Finally I gave both Jane and her partner a high strength mineral formula (which was particularly high in zinc citrate) to re-mineralize the tissues. The role of zinc in fertility is well researched. Sexual function and reproductive capacity in both sexes are dependent on this mineral. In men, inadequate zinc levels directly affect the quantity and quality of sperm produced. In women, zinc deficiency is linked with a whole host of reproductive problems including increased tendency to miscarry if pregnancy occurs. Adequate zinc levels at conception are particularly vital since this mineral is needed for cell division. I considered that zinc deficiency was an important factor for both Jane and her partner (vegetarians are at greater risk of zinc deficiency). Jane’s partner took the mineral formula too but did not put the dietary changes into practice.

I also gave Jane two Australian Bush Flower remedies (Wisteria and She Oak) to help to release any emotional blocks to pregnancy. Jane felt that she particularly identified with the properties of the Wisteria.

Results & Outcome

On her second visit (18/12/00) Jane reported a general improvement in her health. In the first few days of the programme, she had experienced what I believe were reactions which showed her body was detoxifying, for example, headaches and joint pains. She also lost 4 lb in weight in four days which was mostly water. After four days she started to see a steady improvement in the way she felt. Jane had actually become pregnant on 4 December (25 days after beginning the nutrition programme) but at the time of her second visit to me we did not know this. At the time of writing her pregnancy is going to plan and she continues to feel well.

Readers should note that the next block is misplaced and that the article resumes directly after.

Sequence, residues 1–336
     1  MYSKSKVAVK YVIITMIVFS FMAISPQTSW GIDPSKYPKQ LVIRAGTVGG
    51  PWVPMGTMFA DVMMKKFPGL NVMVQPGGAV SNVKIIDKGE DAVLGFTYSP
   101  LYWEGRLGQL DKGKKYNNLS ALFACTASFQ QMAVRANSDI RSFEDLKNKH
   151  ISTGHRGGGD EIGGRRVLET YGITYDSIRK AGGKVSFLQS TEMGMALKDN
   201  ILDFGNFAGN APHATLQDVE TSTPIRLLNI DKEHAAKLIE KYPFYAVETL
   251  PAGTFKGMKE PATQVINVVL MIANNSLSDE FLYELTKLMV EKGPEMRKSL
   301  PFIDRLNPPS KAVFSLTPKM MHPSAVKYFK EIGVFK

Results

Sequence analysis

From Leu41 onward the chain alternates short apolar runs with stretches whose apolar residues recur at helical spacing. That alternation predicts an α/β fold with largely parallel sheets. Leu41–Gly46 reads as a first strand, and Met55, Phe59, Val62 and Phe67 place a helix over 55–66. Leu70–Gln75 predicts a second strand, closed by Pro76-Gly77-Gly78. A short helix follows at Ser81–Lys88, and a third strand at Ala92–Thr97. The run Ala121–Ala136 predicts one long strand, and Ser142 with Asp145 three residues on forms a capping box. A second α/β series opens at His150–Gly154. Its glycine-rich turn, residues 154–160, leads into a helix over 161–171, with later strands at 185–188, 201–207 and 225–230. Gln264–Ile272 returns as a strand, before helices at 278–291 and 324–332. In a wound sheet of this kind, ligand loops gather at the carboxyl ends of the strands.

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About Penny Crowther

Penny Crowther BANT CNHC qualified as a nutritional therapist in 1997 and has been in clinical practice ever since. She has seen several thousand clients over the years, at her practice in London and online. Penny now specializes in nutrition for women in their 40s and beyond, particularly around peri and post menopause. Mid Life for women can be a time when fluctuating hormones play havoc with your wellbeing. In the midst of all the publicity around HRT, it's easy to forget just how powerful diet and lifestyle changes can be when it comes to navigating the menopausal years.

Penny will guide and support you through specific changes to your diet, targeted to you specifically, in midlife. She provides practical, easy to follow menu plans with easy and delicious recipes. The food you eat affects every cell and system in your body. It optimizes how you look and feel, both mentally and physically.

To book an appointment view consultation options here >>

As well as being a regular columnist for Positive Health, Penny has written for Holland and Barrett, and contributed to articles for the Daily TelegraphThe Times Literary supplement, Pregnancy & Birth and Marie Claire. She has been featured in the Daily Express, Daily Mirror and on local radio.

Penny is a registered nutritional therapist with standards of training endorsed by BANT (British Association for Applied Nutrition and Nutritional Therapy) and CNHC. This includes completing 30 hours of continuing professional development, annually.

Penny’s approach to health is holistic, and takes into account emotional, mental and environmental factors as well as nutrition. She has trained in coaching and studied many complementary therapies before qualifying as a nutritionist, which provides a broad foundation of knowledge in her nutrition practice. Penny may be contacted on Tel: 07761 768 754;